Gov. Phil Scott is planning big improvements to the state’s infrastructure to accommodate electric vehicles, in addition to supporting further financial subsidies for Vermonters who wish to purchase these vehicles.
“Electrifying the transportation sector will help clean the air and keep millions of dollars within our economy,” Scott said in a recent statement. “While more work needs to be done, Vermont has taken strong steps toward a renewable transportation sector. Accelerating vehicle electrification will continue to be a priority of my Administration.”
The statement from the governor adds that the transportation sector is the largest culprit when it comes to carbon monoxide emissions, amounting to nearly half of all the state’s emissions. It also says Vermont’s Comprehensive Energy Plan calls for getting the transportation sector to be 10 percent renewable energy by 2025 and 80 percent by 2050.
In order to achieve this, the state would need to have 60,000 EVs on the road in six years. Currently, Vermont has registered about 3,100 electric vehicles.
In this year’s budget, Scott supported the inclusion of $1.1 million to help low-to-moderate income residents purchase these cars. To qualify, the buyer must be at 160 percent below the median household income and the car must have a manufacturer’s suggested retail price of $40,000 or less.
This year’s transportation bill seeks to increase the adoption of charging infrastructure, including having charging stations charge per kilowatt-hour and maintaining the state’s Transportation Fund. The $1 million received from a nationwide settlement with Volkswagen over its violation of the Clean Air Act will be used for more charging stations.
Currently, Vermont has 26 Level 3 stations that can charge in 20 minutes, and 191 that charge in four hours. At least 30 more stations of both types will be added this year.
“As the biggest per capita contributor to climate change, the U.S. should be leading the way to rapid reductions in greenhouse gas emissions,” said Vermont House Transportation Committee Chair Curt McCormack. “Unfortunately, our federal government is doing the opposite. We cannot depend on or wait for Washington to act. It is going to take the states to lead this effort,” he said. “Governor Scott has provided such leadership, most recently with his electric car incentive and charging station initiatives.”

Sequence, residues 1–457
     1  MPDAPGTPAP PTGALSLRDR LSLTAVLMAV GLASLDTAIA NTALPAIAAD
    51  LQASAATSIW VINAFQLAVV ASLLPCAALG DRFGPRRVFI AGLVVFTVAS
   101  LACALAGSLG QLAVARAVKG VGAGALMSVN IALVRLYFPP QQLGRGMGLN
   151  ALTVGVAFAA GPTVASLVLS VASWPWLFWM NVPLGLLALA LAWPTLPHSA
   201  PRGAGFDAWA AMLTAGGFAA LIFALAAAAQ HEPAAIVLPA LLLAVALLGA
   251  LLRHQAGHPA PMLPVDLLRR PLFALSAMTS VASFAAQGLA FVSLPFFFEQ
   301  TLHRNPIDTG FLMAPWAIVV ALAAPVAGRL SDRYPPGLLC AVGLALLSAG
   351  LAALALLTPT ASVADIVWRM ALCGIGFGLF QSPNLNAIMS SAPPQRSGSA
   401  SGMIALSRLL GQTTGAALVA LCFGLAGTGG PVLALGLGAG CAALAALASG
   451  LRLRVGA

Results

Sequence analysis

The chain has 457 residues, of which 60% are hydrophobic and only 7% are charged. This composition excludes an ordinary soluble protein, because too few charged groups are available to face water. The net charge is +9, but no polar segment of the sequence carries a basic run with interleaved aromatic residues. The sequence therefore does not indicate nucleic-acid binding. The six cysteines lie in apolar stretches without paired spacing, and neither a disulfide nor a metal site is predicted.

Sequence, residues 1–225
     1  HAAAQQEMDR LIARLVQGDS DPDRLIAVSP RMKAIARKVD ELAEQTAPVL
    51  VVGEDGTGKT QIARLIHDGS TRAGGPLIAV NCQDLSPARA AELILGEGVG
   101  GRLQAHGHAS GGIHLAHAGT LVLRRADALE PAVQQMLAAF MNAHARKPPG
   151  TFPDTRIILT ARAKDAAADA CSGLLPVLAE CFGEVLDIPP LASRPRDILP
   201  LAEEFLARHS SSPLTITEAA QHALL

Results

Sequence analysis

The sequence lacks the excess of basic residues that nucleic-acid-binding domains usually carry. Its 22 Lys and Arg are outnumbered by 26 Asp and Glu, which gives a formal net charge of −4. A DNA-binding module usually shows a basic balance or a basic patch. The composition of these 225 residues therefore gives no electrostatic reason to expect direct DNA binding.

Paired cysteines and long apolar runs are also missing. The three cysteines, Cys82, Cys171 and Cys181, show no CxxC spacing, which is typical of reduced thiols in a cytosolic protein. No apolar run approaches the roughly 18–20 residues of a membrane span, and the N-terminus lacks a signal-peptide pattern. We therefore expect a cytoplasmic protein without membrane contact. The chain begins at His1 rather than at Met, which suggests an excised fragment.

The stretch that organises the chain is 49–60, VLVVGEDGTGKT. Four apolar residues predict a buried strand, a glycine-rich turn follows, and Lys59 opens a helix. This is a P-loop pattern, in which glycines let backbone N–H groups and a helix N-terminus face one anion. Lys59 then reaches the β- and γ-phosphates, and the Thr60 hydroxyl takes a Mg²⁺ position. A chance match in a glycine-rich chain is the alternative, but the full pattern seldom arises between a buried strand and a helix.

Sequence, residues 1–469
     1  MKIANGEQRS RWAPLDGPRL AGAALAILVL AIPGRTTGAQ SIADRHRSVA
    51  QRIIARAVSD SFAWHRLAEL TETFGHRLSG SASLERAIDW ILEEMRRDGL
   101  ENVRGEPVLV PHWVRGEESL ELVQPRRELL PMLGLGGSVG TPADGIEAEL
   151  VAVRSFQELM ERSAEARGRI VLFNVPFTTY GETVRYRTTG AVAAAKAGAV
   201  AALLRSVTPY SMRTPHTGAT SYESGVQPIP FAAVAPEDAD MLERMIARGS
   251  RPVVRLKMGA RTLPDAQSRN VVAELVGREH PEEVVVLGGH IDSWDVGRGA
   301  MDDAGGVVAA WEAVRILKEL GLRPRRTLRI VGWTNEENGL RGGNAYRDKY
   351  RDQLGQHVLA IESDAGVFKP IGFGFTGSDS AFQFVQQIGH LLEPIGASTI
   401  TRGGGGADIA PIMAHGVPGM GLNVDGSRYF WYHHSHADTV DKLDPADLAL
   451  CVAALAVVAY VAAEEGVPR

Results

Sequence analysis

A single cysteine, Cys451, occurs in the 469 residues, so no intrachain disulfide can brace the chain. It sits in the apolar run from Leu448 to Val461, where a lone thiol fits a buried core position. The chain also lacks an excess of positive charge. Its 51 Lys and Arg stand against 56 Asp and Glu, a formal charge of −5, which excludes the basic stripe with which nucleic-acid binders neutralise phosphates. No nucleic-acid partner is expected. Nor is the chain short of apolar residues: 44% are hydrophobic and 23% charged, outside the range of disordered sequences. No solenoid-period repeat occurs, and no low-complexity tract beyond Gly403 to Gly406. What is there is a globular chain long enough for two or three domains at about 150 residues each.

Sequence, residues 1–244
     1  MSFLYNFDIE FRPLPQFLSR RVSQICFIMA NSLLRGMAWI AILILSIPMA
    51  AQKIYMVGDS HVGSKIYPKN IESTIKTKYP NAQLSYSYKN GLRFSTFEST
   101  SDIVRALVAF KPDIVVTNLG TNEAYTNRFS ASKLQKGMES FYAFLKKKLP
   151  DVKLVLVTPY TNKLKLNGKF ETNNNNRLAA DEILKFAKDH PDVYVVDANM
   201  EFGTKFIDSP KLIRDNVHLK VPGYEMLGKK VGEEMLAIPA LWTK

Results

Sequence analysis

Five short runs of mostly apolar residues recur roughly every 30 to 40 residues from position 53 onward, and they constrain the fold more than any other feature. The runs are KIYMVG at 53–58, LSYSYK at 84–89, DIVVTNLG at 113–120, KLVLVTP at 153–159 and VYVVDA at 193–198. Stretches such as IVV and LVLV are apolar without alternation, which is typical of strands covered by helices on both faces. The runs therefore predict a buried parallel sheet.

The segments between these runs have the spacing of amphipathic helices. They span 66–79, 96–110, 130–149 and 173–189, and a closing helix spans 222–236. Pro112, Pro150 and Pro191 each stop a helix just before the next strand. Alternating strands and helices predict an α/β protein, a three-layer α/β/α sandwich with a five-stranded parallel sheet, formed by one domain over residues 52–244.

At what cost?
Electric vehicles continue to be highly subsidized by the federal government. The Qualified Plug-in Electric Drive Motor Vehicle Tax Credit is the primary subsidy, providing up to $7,500 to new EV purchasers as long as various vehicle standards are met.
The subsidy — which must be used on a plug-in all-electric or a plug-in hybrid model — is applied to the first 200,000 EVs sold by the manufacturer for each calendar year. This is in addition to state subsidies including the aforementioned $1.1 million from Vermont’s budget.
Rare earth materials required
In addition to the economic challenges of EV adoption, the vehicles cause environmental concerns as well. Vehicle batteries rely on cobalt, a rare earth mineral. One of the most abundant sources of cobalt in the world is in Congo, a poor and unstable country known for poor working conditions.
A 2016 report by the Washington Post says an estimated 100,000 cobalt miners in Congo “use hand tools to dig hundreds of feet underground with little oversight and few safety measures.” It also notes that “deaths and injuries are common,” and that the mining activity “exposes local communities to levels of toxic metals that appear to be linked to ailments that include breathing problems and birth defects.”
J.T. Dodge, of Newbury, is an outspoken opponent green energy mandates, including the carbon tax. He said cobalt is a serious dilemma at the heart of electric vehicle production.
“The fact is that the Chinese own the majority of the cobalt over there and they are paying slave wages, which essentially looks like enough to eat for a day for a child,” he said. “And there they are working just for enough to eat, and that sounds an awful lot like subsidizing the mining of their cobalt, not to mention the conditions are horrendous.”
Another factor to consider about EV adoption is the net green impact of the cars compared to the gasoline counterparts. A 2014 study by the University of Minnesota found that just because a car is using electric power, that does not make it “greener.”